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Nanorods are elongated nanoparticles with aspect ratios of typically 3:1 to 10:1 and thus have interesting structural and optical anisotropies. A team of Cornell researchers led by Tobias Hanrath (Chemical Engineering) and Detlef Smilgies (CHESS) recently published a pilot study in which structure and optical adsorption were measured simultaneously, as the nanorods were exposed to solvent vapor in an in-situ cell with optical transmission ports [1]. The main goal of the study was to establish the basic relationship of the structure and optical properties of the nanorod film and how each can be influenced by external stimuli. Towards that goal, the team monitored how nanorod thin film swelled in vapor and disordered, and then re-ordered upon drying and detect the associated change in the optical properties. The phase behavior and optical properties of NRs present an interesting inorganic analogue to organic liquid crystals with potential applications in emerging optoelectronic technologies.

Figure 1

Figure 1: In-situ multi-probe set-up at CHESS D1 beamline. Grazing-icidence small- and wide-angle scattering (GISAXS and GIWAXS) as well as optical adsorption can be probed simultaneously in the in-situ cell under the same processing conditions. The in-situ cell contained dichlorobenzene in the bottom reservoir and was dried with a stream of heated nitrogen gas.

Complex dot-in-rod nanoparticles based on cadmium selenide (initial dot) and cadmium sulfide (rod) were expertly grown by Materials Science & Engineering student Christian Ocier under the supervision of Richard Robinson. Particles had a low polydispersity along and perpendicular to the rod axis with a thickness of around 5nm and lengths of 15, 20, 30, and 40 nm in the various batches of synthesis.

Both materials grow in the hexagonal wurtzite structure which provides an anisotropic diffraction pattern based on which the orientation distribution function (ODF) of the nanorods can be determined [2]. Specifically the (002) lattice planes are oriented along the long axis of the nanorods, and thus the 002 reflection acts like a searchlight indication the orientation of the rods.

By slowly evaporating the solvent from the nanorod suspension, the team was able to assemble nanorod films with long-range hexagonal ordered layers. Arrows in Figure 2a shows the characteristic 1:3:4 ratios of the scattering vectors. Wide angle scattering shows that the rod axes have a narrow orientation distribution close to perpendicular (1c). Upon exposure to solvent vapor the hexagonal layers disorder, and wide-angle scattering shows a broad distribution of orientations of the rod axes. After the layers were dried again with a preheated gas flow through the cell, they again assumed a hexagonal arrangement.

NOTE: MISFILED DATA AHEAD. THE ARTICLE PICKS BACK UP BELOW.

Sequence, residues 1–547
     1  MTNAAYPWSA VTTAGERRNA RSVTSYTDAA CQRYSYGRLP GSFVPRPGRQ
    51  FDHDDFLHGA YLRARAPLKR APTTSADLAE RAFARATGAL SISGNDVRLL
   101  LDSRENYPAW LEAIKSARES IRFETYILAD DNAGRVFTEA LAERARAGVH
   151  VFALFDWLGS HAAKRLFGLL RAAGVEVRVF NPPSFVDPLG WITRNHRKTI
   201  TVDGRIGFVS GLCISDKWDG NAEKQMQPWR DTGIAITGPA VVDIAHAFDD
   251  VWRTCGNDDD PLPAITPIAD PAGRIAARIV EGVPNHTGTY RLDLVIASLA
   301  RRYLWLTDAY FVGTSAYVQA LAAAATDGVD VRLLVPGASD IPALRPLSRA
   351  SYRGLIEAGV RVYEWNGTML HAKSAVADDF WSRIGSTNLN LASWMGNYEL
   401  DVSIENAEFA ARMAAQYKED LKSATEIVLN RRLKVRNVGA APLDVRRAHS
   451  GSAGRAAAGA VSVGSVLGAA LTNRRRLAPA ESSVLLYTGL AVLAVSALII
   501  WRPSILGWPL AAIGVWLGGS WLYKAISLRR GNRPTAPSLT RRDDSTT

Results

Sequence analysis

Figure 2

Figure 2: Grazing-incidence small- and wide-angle scattering from a nanorod layer. The layer was in the ordered hexagonal phase (a) with the rods oriented perpendicular to the surface (c) in the dry state (left column a,c,e). In the right column, the nanorods are in a disordered state (b) with their long axes featuring a wide range of orientations (d,f).

CdS and CdSe have their optical signatures in the visible range. CdSe displays an exciton peak at 600 nm. The exciton peak of CdS is shifted to the UV, however, within the spectrometer range a strong rise of the optical adsorption was visible below 500 nm wavelength. In the in-situ experiments the optical properties were probed with unpolarized white light impinging perpendicular to the glass substrate. Thus the polarization of the light was in the plane of the nanorod layer. This resulted in a significantly higher optical adsorption, when the rods were disordered in solvent vapor, than in the dry state with the rods forming a hexagonal layer with their long axes perpendicular to the substrate. Hence the optical adsorption is higher when the rod axes are oriented parallel to the surface, and thus parallel to the polarization [3]. In this work we demonstrate that multi-probe in-situ experiments can reveal the structure – optical properties relation, with a possible application to chemical sensors.

Figure 3

Figure 3: Optical adsorption of CdSe:CdS dot-in-rod particles. Changes in rod orientation from vertical in the ordered hexagonal lattice to parallel in the disordered phase upon solvent vapor exposure, gave rise to significant changes in the optical adsorption below 500nm wavelength.


[1] Christian Ocier, Detlef-M. Smilgies, Richard Robinson, and Tobias Hanrath: "Reconfigurable Nanorod Films: An In-Situ Study of the Relationship Between Tunable Nanorod Orientation and the Optical Properties of their Self-Assembled Thin Films", Chem. Mater. 27, 2659–2665 (2015).

[2] Jessy L. Baker, Asaph Widmer-Cooper, Michael F. Toney, Phillip L. Geissler, and A. Paul Alivisatos: "Device-Scale Perpendicular Alignment of Colloidal Nanorods", Nano Lett. 10, 195-201 (2010).

[3] John Sundar Kamal, Raquel Gomes, Zeger Hens, Masoumeh Karvar, Kristiaan Neyts, Sien Compernolle, and Frank Vanhaecke: "Direct determination of absorption anisotropy in colloidal quantum rods", Phys. Rev. B 85, 035126 (2012).



Submitted by:
Detlef Smilgies, CHESS, Cornell University